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“Don’t Tread on Me”: The Permissibility of the Gadsden Flag in Your Community

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Is flying the Gadsden flag (i.e., the yellow “Don’t Tread on Me” flag with a snake) considered a flag of the United States of America and is it permissible in your community association? It depends.

For those not already familiar, the Gadsden flag is a historical American flag named after the American General and politician, Christopher Gadsden, who designed the flag in 1775 during the American Revolution. Although it was considered one of the first flags of the United States, the Gadsden flag has been replaced by the current “Old Glory” flag with thirteen horizontal stripes, alternating red and white, and 50 stars.

The Florida Homeowners’ Association Act provides that a homeowner may display one portable, removable United States flag or official flag of the State of Florida in a respectful manner, and one portable, removable official flag not larger than 4.5-feet by 6-feet that represents the United States Army, Air Force, Marine Corps, or Coast Guard, or a POW-MIA flag, regardless of any covenants, restrictions, bylaws, rules, or requirements of the homeowners’ association. Additionally, a homeowner may also erect a freestanding flagpole no more than twenty-feet high on any portion of the homeowner’s property, provided that the flagpole does not obstruct sightlines at intersections and is not erected within or upon an easement.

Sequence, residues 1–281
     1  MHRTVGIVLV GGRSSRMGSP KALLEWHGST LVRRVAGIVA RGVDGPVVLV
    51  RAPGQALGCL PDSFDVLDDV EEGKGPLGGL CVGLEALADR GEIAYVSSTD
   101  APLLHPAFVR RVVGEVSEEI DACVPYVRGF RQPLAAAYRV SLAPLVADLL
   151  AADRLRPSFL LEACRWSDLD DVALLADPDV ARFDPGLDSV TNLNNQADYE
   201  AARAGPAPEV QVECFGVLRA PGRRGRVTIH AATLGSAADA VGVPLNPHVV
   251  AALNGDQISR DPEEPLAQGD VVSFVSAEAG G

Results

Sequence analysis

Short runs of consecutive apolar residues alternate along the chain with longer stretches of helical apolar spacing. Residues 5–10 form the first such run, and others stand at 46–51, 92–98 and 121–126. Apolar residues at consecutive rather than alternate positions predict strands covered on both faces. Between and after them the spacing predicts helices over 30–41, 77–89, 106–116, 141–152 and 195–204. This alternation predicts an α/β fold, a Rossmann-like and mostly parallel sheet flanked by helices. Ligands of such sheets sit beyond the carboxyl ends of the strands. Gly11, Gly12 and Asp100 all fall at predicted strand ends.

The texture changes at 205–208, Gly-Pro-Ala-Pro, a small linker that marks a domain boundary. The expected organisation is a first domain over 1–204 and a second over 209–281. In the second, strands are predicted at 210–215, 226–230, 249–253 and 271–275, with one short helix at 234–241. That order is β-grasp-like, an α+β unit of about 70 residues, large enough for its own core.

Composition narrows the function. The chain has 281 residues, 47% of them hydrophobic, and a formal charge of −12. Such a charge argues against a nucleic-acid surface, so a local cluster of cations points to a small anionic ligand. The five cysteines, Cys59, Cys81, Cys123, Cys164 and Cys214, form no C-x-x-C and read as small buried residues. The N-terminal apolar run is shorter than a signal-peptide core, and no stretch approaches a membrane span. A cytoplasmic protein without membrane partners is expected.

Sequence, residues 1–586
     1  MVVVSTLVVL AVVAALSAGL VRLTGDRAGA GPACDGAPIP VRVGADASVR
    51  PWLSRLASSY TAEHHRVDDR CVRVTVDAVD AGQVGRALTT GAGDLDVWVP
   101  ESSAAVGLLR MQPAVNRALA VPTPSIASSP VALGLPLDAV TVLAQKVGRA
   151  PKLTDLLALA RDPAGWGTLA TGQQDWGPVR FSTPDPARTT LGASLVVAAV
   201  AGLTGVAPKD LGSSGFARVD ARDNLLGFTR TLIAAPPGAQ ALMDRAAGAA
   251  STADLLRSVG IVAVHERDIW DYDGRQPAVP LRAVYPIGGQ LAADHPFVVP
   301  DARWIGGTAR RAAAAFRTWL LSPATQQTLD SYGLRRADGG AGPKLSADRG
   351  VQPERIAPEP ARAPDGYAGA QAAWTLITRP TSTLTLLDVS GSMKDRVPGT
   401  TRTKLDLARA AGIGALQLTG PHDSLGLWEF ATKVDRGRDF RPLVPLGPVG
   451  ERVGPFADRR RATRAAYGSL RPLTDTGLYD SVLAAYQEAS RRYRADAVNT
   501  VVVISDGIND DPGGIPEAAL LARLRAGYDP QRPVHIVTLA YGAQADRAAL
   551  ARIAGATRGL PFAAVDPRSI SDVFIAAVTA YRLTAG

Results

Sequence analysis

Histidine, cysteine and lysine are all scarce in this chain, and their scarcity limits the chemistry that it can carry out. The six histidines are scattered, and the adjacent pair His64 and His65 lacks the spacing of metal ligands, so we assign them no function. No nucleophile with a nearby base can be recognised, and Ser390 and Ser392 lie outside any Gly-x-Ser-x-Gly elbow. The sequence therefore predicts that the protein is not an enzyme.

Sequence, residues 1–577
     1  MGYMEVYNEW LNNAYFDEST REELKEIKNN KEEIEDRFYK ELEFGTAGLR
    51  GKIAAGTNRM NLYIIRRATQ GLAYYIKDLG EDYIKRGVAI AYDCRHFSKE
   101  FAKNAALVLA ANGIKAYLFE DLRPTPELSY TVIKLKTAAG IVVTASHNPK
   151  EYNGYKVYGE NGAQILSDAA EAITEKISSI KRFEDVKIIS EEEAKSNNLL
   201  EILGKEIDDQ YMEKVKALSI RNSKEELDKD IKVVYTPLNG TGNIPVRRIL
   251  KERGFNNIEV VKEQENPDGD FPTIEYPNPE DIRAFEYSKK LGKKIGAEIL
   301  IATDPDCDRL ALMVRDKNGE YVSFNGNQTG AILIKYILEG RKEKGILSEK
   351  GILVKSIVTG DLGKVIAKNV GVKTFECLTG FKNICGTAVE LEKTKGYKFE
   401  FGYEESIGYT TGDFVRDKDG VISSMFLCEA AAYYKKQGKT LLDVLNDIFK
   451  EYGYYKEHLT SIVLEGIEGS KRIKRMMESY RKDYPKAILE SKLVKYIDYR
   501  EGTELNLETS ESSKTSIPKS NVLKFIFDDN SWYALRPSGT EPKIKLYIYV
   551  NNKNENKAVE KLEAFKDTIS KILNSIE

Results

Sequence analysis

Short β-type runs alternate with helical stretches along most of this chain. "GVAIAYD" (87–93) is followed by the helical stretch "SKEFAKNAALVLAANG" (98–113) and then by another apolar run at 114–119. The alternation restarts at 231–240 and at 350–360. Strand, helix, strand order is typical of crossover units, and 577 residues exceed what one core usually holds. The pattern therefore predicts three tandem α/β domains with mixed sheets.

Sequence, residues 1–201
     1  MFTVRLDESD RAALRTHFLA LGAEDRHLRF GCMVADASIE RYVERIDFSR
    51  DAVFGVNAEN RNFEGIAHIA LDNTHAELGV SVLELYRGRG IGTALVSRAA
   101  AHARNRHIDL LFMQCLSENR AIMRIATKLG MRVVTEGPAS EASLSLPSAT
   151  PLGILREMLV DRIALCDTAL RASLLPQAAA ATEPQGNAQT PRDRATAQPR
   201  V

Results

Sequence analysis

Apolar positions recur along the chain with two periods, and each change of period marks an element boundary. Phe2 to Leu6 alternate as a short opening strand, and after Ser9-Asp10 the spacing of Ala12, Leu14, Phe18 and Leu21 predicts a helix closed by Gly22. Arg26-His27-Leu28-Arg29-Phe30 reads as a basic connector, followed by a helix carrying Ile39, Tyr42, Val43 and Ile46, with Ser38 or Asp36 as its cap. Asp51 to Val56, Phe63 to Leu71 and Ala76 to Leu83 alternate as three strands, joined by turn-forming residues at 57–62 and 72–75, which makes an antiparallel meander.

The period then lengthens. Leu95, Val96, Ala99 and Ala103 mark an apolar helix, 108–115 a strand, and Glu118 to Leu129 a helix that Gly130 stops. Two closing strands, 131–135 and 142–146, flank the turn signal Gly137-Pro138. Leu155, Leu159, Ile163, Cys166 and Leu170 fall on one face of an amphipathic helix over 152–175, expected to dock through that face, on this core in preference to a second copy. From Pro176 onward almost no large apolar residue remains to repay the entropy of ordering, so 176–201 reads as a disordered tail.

The Florida Condominium Act, by comparison, permits a unit owner to display one portable, removable United States flag and, on Armed Forces Day, Memorial Day, Flag Day, Independence Day, and Veterans Day, to display a portable, removable official flag, not larger than 4.5-feet by 6-feet that represents the United States Army, Air Force, Marine Corps, or Coast Guard, in a respectful manner regardless of any provisions of the condominium documents concerning flags or decorations.

The “Freedom to Display the American Flag Act of 2005” (Pub.L. 109–243, 120 Stat. 572, enacted July 24, 2006) is an Act of Congress that prohibits community associations from restricting owners from displaying the flag of the United States on their property, although community associations may still reasonably restrict the time, place, and manner of displaying the flag of the United States. And, the “flag of the United States” is defined under Section 1, Title 4 of the United States Administrative Code as the current “Old Glory” flag. Accordingly, while the Gadsden flag is considered a historical American flag, it is not considered an official, current flag of the United States.

While the display of the Gadsden flag may not be protected under the Florida Homeowners’ Association, Florida Condominium Act, or the Freedom to Display the American Flag Act of 2005, it may still be permissible as a type of United States flag, albeit a historical one, in your community association depending on the provisions of your community’s governing documents. It is recommended that your community association confer with its legal counsel to: determine whether this flag is generally permitted under the governing documents; research whether it would be considered a permissible political flag under the local government’s land development code; and, if it is not a permitted flag or political sign, consider whether it would be an impermissible nuisance (e.g., the flag’s lit display unreasonably annoys or disturbs others) or unlawful pursuant to the governing documents and/or local ordinance.

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